When I first learned that bamboo artist Honda Syoryu studied under Kadota Niko, I was puzzled. Kadota Niko, a prominent member of the Iwao lineage, worked in the traditional style of the Beppu region and was known for his imposing, extremely intricate jar-shaped flower baskets. Honda is recognized primarily as a sculptor, and even the vessels he made in his early career had an artistic style and sensitivity that felt modern, innovative and foreign to Beppu. I wondered if Honda was rebelling against his teacher and the regional tradition he had been taught. However, I soon began to feel the spirit of Kadota Niko in his work. I no longer see Honda’s sculptures as a rejection of tradition but an embrace and evolution of a great bamboo art legacy.
Much of Honda’s work has drawn upon two very basic plaiting techniques – twining and twill plaiting. These age-old techniques have been used in Beppu to make baskets and boxes for over a century. Honda uses these ordinary techniques to extraordinary effect. By controlling the width and thickness of his twined bamboo strips and altering the spacing between each row, Honda transforms what would be a simple cylinder into the dynamic, undulating shapes of his signature “Dance” series. In his “Rhythm” series, he rolls up a length of flat twill plaiting into a tube, which he bends and ties into an elegant, looping composition. Though these techniques have been used for hundreds, if not thousands of years, no one ever used them in the ways Honda does.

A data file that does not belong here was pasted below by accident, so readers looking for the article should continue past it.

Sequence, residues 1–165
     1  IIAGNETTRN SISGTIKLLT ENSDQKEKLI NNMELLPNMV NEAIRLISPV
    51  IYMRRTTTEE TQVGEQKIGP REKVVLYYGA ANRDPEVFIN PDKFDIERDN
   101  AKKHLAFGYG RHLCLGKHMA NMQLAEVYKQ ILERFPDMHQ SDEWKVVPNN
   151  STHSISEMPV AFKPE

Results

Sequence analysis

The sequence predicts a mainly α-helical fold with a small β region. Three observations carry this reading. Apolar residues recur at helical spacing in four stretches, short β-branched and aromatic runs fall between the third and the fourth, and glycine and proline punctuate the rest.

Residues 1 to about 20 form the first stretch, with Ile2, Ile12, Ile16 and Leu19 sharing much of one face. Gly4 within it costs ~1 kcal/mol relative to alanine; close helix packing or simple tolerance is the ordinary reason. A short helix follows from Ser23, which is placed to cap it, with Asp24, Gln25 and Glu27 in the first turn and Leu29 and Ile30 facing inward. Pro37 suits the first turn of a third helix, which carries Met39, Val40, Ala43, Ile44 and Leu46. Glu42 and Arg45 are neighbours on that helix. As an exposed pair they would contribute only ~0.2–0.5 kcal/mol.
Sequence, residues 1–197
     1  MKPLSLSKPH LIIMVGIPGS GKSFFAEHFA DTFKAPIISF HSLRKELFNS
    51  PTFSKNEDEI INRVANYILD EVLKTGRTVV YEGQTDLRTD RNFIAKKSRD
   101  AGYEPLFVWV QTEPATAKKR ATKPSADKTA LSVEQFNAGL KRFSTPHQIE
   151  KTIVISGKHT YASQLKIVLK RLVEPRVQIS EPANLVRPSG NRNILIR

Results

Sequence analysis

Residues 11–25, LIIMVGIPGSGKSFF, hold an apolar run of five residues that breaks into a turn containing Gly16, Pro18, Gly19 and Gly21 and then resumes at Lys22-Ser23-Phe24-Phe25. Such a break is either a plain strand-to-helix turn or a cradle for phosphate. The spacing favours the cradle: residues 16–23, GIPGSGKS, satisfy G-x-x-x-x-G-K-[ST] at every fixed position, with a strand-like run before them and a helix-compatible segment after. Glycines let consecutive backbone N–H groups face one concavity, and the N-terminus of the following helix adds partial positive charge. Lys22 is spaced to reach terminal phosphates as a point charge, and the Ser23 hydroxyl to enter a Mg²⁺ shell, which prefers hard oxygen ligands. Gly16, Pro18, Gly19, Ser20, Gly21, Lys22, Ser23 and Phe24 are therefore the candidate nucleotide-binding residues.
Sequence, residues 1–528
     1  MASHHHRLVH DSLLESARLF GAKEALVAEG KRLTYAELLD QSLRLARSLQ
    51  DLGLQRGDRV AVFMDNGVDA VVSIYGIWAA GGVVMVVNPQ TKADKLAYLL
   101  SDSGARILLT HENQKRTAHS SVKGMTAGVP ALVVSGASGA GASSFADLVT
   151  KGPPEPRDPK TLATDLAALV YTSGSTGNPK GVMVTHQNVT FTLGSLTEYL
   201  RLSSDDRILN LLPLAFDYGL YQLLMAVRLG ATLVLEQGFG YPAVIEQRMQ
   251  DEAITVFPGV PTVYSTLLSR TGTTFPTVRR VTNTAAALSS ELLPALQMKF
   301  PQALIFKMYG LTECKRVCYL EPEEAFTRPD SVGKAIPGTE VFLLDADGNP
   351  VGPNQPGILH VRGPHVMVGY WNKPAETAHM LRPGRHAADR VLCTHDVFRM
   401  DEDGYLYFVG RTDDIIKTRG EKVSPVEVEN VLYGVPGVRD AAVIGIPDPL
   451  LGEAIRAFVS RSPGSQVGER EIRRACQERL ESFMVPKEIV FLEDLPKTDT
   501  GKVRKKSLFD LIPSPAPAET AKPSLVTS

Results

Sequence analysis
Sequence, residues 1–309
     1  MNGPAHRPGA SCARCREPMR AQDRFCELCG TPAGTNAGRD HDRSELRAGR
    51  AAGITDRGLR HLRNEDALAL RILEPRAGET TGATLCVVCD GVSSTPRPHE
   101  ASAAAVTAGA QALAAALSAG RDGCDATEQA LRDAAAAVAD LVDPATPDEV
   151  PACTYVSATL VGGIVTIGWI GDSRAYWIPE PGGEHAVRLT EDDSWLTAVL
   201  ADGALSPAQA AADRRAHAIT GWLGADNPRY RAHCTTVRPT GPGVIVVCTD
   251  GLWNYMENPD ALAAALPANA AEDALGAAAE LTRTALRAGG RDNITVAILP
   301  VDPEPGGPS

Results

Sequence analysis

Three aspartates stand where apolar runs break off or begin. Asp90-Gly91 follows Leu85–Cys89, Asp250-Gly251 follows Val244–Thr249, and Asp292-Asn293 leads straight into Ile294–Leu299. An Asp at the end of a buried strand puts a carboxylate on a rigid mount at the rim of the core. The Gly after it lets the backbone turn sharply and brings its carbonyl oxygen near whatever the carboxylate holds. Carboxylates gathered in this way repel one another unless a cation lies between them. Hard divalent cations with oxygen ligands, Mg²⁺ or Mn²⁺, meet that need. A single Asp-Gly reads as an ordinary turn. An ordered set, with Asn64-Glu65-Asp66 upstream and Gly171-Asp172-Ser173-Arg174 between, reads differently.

In his second solo exhibition at TAI Modern, Honda is introducing two brand-new series. In the “Spring” series, a synthesis of two earlier bodies of work, Honda bundles and coils airy twined tubes into free-form shapes. Also new is the “Ring” series. Other than Honda, who else could create something fresh out of the bullseye plaiting (rinko-ami) technique which has been used as the base of baskets for centuries!
Honda uses some of the most common techniques passed down from early basket makers, yet he is able to adapt these traditional techniques to create completely original sculptural forms. In this, Honda is an embodiment of a core tenet of Japan’s craft art – the marriage of continuity and change.